• Update all of your astronomy software including drivers for all of your equipment
  • Plug everything in, connect your mount camera autoguider and focuser to your imaging software

Generally with either equipment changes, there are always some problems. Because there are so many different equipment manufacturers and software developers, keeping everything in synch is always problematic. I can’t tell you how many times over the years that I have had to chase down software issues to get everything working when only one part of the equipment or software in my imaging system changed. Better to chase these things down at home. And remember, as one HAS wag has told me many times, “its always the drivers!”.

Once you have set everything up, you should take even longer to break it down and get everything put into organized storage and transport boxes. I group my storage by equipment system. Make sure you have all of the adapters, cables, cable management items you need plus a few spares in the appropriate box. Make sure you take some spare batteries too.

The objective is to have a few specific boxes that you load in the car along with your mount and tripod or portable pier, each time you go out to image. If you are confident that everything you need for the mount is in one box, cameras in another, computer etc. you will not need to dig around to be sure you have it all. And most importantly, you will not end up in the field, part way through setting up, when you realize you left something important at home.

Mount counterweights are a special problem. They are big and heavy, and there really aren’t too many good ways to store them. I was at the site one time when an imager showed up an hour before dusk and realized he left his counterweights at home (no it was not me). Imaging session done before it got started.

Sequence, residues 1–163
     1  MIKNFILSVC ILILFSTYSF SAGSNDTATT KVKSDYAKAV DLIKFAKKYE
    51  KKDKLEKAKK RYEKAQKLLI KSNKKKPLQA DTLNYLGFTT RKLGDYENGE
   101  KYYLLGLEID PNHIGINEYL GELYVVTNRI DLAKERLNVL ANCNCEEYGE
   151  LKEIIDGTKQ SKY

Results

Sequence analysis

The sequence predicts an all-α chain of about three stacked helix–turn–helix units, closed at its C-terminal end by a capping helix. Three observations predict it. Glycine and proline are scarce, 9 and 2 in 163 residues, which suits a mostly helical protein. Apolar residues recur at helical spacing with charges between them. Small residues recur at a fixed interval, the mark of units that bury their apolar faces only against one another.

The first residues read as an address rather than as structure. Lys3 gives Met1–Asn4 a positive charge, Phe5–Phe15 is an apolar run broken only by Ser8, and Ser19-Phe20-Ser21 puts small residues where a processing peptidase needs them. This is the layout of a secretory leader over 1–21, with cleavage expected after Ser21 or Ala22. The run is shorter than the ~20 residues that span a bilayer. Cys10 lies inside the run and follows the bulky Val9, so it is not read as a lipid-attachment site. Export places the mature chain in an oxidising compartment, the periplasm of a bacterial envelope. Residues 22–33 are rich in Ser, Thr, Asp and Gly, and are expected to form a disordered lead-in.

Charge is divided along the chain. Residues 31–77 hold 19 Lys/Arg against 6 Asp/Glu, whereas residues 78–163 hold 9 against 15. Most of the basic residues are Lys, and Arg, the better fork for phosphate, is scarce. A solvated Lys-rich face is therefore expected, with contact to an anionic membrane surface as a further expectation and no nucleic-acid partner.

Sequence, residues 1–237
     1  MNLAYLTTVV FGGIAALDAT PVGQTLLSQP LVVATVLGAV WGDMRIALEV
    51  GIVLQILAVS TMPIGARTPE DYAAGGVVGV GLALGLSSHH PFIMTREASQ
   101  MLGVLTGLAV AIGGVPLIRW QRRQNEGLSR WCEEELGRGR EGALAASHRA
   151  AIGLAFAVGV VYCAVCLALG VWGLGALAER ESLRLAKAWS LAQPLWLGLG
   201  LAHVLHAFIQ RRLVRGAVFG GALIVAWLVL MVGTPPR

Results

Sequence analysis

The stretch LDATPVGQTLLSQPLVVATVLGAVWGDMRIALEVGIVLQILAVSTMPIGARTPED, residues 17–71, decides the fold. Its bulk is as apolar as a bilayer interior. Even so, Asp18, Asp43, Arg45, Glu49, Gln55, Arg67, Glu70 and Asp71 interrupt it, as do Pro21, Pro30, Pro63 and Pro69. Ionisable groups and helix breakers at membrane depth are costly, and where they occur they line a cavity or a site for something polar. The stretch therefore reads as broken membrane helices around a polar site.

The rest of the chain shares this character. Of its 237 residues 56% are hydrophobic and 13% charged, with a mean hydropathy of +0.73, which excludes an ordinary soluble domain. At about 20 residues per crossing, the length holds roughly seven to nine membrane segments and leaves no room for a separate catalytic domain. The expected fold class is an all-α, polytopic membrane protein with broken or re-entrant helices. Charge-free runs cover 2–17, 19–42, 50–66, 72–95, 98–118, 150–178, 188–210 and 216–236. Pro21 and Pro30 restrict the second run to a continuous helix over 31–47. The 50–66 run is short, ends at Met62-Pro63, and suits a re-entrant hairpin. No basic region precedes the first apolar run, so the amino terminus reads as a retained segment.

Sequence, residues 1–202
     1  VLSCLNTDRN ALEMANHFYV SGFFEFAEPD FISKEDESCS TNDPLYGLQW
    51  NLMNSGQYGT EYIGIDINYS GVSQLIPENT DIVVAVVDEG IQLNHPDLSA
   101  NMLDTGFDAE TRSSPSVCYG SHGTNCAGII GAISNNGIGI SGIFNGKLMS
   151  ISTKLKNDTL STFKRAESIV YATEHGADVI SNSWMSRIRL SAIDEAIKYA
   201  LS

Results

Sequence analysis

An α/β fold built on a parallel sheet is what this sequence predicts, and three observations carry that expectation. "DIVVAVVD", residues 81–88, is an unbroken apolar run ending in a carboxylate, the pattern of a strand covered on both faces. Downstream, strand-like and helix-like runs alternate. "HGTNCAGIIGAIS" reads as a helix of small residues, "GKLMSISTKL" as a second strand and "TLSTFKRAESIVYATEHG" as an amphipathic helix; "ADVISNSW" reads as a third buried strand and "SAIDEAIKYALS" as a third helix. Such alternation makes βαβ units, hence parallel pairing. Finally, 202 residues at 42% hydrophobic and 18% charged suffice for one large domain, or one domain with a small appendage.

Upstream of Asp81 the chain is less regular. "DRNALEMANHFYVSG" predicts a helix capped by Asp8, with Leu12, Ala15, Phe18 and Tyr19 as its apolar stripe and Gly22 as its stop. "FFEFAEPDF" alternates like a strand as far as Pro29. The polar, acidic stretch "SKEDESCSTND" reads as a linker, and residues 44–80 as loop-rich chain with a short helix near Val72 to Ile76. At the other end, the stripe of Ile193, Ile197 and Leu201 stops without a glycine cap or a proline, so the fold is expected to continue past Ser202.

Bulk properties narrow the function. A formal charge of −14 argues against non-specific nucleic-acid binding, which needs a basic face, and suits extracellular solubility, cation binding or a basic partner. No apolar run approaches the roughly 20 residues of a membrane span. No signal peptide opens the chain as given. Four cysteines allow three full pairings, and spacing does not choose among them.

As a result of this incident, I started storing my counterweights in the vehicle I drove out when I would image. They were in a box in the cargo area. In order to load everything, I would need to move them underneath the rear seats so the mount and tripod would fit.

They say you should always practice like you intend to play. This applies to astro-imaging as well. Once you have everything organized the way you think will work best, set it all up again at home, as if you were in the field. You might even want to load it all in your vehicle first so loading and unloading are part of the practice.

You can pick a mid-weeknight, even if it will be cloudy, when the moon is prominent in the sky, but where rain is not forecast. Start unloading about an hour before sunset, and make sure you are able to get everything up, connected to power and your computer before the end of civil twilight, since this is when you would begin taking flats and polar aligning if you were in the field.

If you have the equipment for it, you may want to do a bit of narrow band work from home. A win-win proposition for sure.

One last thing. Once you are practiced and have everything working smoothly as you like it, use your system for a while and enjoy it before you go changing things! Upgrading equipment always sounds good but can take time before you get everything working stably again.

We get few enough good nights out under clear dark skies. Hopefully with a bit of forethought and practice, you can make the most of them!